February 03, 2017
Sir, Arthur Beesley and Alex Barker quotes Frans Timmermans, vice-president of the European Commission with: “Politics is always a balance between the head and the heart. In European politics we’ve sort of forgotten about the heart for too long, just thinking with the head. Then you end up in the underbelly, apparently, in some of our member states.” “Timmermans urges EU ‘not to punish Brits’”, February 3.
For EU politics that could be correct, though I really don’t know, and besides there are always more or less intelligent heads. But, in the case of regulations where only heads should be at work, there I am 100% sure, at least in the case of bank regulators, that only hearts reign.
That is because anyone who thinks that what is ex-ante perceived as risky, is ex post more dangerous than what is perceived as safe, is a naïve romantic full of illusions. The smart heads, like Voltaire did, would say “May God defend me from my friends, I can defend myself from my enemies”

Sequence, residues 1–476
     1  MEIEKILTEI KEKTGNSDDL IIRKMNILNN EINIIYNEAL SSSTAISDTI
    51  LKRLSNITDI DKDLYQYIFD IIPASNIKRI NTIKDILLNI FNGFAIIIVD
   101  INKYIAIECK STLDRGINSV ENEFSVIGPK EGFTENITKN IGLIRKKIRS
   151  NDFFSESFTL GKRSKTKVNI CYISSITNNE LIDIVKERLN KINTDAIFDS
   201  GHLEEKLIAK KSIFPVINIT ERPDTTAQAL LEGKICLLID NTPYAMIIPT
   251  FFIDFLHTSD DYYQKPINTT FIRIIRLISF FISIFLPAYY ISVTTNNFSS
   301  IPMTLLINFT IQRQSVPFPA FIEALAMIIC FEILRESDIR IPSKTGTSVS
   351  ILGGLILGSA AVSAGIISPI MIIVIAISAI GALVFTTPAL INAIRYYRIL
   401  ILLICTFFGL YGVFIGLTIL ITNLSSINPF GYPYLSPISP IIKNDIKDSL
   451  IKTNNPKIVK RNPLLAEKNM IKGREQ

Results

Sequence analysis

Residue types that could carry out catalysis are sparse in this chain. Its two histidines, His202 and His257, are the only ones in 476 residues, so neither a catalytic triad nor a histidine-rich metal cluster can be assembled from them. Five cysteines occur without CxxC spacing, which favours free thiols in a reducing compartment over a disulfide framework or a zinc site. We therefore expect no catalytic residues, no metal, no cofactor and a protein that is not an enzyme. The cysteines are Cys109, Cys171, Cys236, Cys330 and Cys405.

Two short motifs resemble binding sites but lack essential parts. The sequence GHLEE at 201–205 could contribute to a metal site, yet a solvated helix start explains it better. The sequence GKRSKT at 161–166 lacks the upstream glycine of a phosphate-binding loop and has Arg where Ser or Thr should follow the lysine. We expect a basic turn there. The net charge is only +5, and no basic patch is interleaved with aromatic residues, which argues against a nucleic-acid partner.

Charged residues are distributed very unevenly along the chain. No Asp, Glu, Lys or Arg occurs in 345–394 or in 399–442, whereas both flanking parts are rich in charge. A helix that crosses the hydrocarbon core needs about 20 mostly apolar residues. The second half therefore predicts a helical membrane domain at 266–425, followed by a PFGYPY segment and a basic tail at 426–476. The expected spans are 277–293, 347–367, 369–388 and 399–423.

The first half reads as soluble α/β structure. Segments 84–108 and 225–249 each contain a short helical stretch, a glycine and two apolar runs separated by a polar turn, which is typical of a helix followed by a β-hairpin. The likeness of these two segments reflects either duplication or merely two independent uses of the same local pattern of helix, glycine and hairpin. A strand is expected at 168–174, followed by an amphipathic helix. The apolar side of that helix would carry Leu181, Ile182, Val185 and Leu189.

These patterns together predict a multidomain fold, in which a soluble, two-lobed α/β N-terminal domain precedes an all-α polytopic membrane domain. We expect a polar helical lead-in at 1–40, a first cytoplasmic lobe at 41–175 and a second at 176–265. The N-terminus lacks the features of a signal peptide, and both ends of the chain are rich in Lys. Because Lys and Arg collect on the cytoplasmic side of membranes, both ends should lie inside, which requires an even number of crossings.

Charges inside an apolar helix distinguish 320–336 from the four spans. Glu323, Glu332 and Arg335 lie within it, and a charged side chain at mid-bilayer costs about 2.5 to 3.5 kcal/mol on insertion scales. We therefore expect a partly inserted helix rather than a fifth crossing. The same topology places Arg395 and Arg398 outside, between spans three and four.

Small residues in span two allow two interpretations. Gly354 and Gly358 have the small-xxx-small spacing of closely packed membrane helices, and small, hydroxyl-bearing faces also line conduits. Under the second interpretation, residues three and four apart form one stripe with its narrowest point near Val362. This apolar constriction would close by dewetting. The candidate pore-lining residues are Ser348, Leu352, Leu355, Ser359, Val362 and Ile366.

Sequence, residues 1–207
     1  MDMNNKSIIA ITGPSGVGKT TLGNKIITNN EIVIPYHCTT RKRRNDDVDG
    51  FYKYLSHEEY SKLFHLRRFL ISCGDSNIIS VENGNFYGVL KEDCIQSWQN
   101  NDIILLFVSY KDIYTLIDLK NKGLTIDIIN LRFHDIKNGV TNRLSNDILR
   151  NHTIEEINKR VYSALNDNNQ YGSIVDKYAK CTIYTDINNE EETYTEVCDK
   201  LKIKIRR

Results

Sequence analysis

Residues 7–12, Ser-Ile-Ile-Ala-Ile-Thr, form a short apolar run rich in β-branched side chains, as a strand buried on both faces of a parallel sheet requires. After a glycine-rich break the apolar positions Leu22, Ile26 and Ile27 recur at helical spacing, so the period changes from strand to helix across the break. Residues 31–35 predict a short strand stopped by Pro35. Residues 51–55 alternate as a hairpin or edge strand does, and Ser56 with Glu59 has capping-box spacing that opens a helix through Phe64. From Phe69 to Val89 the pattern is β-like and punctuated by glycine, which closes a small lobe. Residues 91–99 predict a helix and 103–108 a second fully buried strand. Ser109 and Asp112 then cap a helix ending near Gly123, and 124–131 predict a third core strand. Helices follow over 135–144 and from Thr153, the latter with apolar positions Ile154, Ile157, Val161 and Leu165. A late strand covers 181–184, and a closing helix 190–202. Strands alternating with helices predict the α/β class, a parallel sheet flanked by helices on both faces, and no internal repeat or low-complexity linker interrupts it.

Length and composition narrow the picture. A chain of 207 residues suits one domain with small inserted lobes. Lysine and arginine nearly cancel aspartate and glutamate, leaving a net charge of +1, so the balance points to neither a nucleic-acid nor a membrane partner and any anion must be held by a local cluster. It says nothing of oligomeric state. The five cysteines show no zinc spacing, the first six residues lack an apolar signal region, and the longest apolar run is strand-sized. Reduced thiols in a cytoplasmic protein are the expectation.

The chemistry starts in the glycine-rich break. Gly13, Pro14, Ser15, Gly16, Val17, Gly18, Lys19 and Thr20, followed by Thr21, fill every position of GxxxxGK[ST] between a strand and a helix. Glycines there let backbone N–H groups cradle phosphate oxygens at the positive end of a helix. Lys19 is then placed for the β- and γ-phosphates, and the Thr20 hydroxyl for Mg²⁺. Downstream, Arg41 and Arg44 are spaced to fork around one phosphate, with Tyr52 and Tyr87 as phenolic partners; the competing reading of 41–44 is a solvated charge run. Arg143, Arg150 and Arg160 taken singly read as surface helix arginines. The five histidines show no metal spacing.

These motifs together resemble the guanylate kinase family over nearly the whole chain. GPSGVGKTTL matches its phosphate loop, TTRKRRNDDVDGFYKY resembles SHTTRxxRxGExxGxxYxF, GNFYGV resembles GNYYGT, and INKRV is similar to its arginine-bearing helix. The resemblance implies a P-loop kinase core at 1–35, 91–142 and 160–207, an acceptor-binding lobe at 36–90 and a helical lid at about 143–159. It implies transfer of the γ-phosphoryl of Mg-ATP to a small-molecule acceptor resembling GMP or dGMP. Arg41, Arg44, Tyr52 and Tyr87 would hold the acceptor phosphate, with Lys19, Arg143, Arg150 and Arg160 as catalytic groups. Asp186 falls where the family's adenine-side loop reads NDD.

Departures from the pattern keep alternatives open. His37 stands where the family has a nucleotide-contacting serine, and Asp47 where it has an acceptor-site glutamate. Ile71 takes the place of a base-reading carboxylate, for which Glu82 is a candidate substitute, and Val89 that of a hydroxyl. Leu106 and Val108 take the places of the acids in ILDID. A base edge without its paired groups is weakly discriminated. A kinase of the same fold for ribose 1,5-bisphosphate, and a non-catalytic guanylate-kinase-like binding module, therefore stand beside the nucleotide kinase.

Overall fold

Now for those who like EU have embraced the Basel Committee’s principles, this means for instance that a bank is allowed to hold less capital (equity) when financing the purchase of a house, than when lending to a SME or an entrepreneur.
That means a bank can leverage its equity more when financing the purchase of a house than when lending to a SME or an entrepreneur.
That de facto means a bank can earn a higher expected risk-adjusted return on equity when financing the purchase of a house, than when lending to a SME or an entrepreneur.
Consequentially that means banks will much prefer financing the “safe” basements in which kids without jobs can live with their parents, than the “risky” SMEs or entrepreneurs that could help the kids get the jobs they need to be able to afford buying a house and become parents too.
If that is not extraordinarily dangerous for the future of EU, what is? Sir why don’t you suggest Timmermans that if he has some 100% head-applying technocrats available, then he should urgently have them to take over current bank regulations.